The Queen had only one way of settling all difficulties, great or small. ‘Off with his head!’ she said, without even looking round.
Identifying and replacing 6 percent of a school system’s least effective teachers can turn around student performance and have a greater and more positive impact than any other expenditure designed to stimulate economic growth, according to Stanford University economist Eric Hanushek, who gave a speech last week on teacher quality at the University of Kentucky.
Speaking to a rapt audience of faculty and students, Hanushek lamented the years the United States has wasted on resource solutions to improve student outcomes that have not worked. Among the factors not found to impact student achievement were per-pupil expenditures, class size, pupil/teacher ratios, whether or not teachers have master’s degrees, years of experience possessed by teachers and teacher certification. Hanushek concluded the United States is enduring the consequences of “losing focus and failing to direct sufficient attention to teacher quality and teacher effectiveness.”
“What would happen if we simply adopted policies of systematically removing the most ineffective teachers?” Hanushek asks. Here’s my guess: we’d have a brand new bottom 6%, while doing nothing to make the other 94% any better. There’s nothing wrong wanting to improve teacher quality — who wouldn’t want to replace the worst teachers? — but we’d get further, faster if we attended to curriculum and pedagogy, rather than simply looking at bad teachers and shouting “off with their heads!”
Look outside any school and you will not see a line of superstar teachers waiting patiently for the broken bats to be removed to make room for them. Economically, we may never see a large enough raise in teacher salaries sufficient to attract a stable, permanent number of bright, superbly trained professionals to the field. Hanushek, a first-rate scholar, surely knows this. But the dialogue around teacher quality threatens to reduce it to just another ed reform bumper sticker. Consider:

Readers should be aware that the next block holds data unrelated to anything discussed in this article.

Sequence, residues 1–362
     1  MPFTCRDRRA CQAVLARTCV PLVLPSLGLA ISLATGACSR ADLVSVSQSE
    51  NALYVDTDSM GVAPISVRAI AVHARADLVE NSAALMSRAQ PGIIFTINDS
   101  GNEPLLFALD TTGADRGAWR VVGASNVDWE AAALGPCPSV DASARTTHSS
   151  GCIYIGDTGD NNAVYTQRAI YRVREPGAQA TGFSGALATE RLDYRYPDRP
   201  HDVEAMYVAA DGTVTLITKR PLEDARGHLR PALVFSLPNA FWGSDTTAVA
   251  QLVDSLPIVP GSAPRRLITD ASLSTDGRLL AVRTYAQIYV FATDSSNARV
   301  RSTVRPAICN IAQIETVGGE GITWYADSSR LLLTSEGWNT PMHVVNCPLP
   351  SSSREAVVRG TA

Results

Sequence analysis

1) We define teacher quality as the ability to raise test scores, which is narrow, insufficent and unsatisfying.
2) We think we can raise teacher quality through incentives like merit pay, which is naïve at best.
3) Talk of teacher quality tends to ignore curriculum, which can improve the quality of teaching by letting struggling teachers focus on delivery, engagement, differentiation, etc. – the “how to teach” rather than the “what to teach.”
It’s faster, easier, cheaper and far more practical to give every teacher a good curriculum than give every kid a good teacher–and again, it’s NOT a question of either/or–plus a solid curriculum may improve the efficacy of mediocre teachers. The bottom line is that improving curriculum can be done today; without it, improving teacher quality will likely remain a distant, ill-defined and therefore unachievable goal.
You can’t uncouple effective instruction from the content of the instruction, a point that is typically overlooked in teacher quality talk (What exactly do you think effective teachers do all day?). Personally, I’d be a lot more excited about the move to improve teacher quality if its advocates showed they understood the crucial role of curriculum and pedagogy in making teachers effective and promoting true student achievement.